Fragmented literary forms, when mishandled, can seem like archaic relics of a previous era’s literary avant garde. But they have always seemed to me to be necessary; the way they are broken helps them fit around the shape of something that could not be described if the form was whole. As you read along in The Tooth Fairy—and you should read along—by about Page 30 you can see Chase is not interrupting himself so much as moving threads along a loom much larger than the one you imagined at first. In Chase’s aphorisms and in the gaps, there is a shape implied, something seen in the corner of his eye, building itself as he writes. He is trying to reach for a grip on something that might ordinarily be unbearable to him and the reader both—these are not simple complaints.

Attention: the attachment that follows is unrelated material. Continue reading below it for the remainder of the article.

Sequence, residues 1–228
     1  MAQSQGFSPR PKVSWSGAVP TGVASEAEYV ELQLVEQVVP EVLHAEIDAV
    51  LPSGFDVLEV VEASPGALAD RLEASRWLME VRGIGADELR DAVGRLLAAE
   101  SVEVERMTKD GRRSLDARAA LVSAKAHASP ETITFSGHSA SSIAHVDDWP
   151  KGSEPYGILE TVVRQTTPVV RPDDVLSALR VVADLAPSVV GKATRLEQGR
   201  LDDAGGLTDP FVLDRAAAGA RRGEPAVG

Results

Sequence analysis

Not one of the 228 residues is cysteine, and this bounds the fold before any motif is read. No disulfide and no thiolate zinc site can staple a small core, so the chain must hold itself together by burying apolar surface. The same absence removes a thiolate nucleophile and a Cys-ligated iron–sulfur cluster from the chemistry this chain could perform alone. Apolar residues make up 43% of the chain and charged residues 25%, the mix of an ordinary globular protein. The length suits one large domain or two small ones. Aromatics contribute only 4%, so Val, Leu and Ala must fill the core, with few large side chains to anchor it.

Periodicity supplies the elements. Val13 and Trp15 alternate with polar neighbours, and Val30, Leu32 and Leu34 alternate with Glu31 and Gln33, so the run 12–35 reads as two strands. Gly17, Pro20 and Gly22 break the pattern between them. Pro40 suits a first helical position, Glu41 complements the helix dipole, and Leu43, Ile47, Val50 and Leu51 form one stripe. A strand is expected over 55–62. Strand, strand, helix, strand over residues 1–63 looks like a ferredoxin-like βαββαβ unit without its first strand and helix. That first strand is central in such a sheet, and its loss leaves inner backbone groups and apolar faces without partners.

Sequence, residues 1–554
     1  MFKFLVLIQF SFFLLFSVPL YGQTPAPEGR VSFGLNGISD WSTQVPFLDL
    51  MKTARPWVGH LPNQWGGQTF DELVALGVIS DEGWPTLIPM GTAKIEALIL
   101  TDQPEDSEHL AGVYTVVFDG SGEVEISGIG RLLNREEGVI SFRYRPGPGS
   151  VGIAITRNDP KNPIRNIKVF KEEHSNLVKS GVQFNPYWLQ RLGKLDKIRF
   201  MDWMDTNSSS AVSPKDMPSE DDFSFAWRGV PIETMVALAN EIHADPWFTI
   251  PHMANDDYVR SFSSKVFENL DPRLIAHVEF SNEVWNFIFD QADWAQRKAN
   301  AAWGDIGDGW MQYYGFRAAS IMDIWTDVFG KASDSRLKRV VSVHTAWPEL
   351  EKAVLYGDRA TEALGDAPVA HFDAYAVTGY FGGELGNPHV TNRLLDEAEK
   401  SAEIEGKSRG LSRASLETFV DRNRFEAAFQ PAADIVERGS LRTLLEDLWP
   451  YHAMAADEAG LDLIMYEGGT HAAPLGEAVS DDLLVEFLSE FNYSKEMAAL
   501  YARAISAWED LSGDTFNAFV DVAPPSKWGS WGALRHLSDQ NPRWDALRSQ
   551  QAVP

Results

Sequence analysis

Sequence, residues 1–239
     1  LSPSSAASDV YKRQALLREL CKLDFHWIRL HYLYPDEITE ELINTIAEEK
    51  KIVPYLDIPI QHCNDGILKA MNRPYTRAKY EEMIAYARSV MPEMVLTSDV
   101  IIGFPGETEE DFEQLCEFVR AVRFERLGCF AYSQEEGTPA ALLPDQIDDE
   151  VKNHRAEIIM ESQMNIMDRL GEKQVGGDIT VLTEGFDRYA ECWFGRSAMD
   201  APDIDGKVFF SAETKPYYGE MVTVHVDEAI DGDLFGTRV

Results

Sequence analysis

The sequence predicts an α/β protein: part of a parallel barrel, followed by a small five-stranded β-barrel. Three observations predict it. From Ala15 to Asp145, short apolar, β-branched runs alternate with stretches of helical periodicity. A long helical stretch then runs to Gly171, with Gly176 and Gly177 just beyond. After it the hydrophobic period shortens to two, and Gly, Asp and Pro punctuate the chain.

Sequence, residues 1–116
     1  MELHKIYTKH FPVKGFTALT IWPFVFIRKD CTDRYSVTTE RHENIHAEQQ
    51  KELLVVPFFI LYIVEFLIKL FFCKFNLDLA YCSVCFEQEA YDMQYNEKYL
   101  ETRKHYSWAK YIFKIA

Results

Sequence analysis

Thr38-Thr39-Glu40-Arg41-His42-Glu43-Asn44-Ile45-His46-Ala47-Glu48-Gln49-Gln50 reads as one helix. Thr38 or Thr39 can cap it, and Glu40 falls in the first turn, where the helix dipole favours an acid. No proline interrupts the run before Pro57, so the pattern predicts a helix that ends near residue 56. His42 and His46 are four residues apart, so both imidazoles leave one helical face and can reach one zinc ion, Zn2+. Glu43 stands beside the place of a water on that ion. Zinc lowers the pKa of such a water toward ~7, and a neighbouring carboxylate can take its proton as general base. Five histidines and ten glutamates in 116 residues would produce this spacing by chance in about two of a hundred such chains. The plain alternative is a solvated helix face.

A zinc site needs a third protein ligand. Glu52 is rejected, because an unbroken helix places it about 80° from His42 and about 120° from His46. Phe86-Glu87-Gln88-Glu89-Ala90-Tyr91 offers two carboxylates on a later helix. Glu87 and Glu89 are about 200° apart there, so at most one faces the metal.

It’s perhaps a strange comparison to make, but Grand Budapest Hotel left me with the same feeling I had after Django Unchained, both films in which wildly talented auteurs walk up to a serious historical era, only to skitter away from its most harrowing implications. To me, Django Unchained represents what I hope is the nadir of Tarantino’s exhausting self-regard, and The Grand Budapest Hotel, for all its delightful tics and peculiarities, is finally the film that had me screaming for Wes Anderson to say something. Anything, really. Here we have the crumbling of grand old Europe, dark armies marching across picturesque lands, the first early glints of the Iron Curtain. Anderson could actually interact with all this heavy stuff and still construct his chintzy hotels, still send his manic characters twirling like tops around elegant old rooms. Instead, he made a chase movie.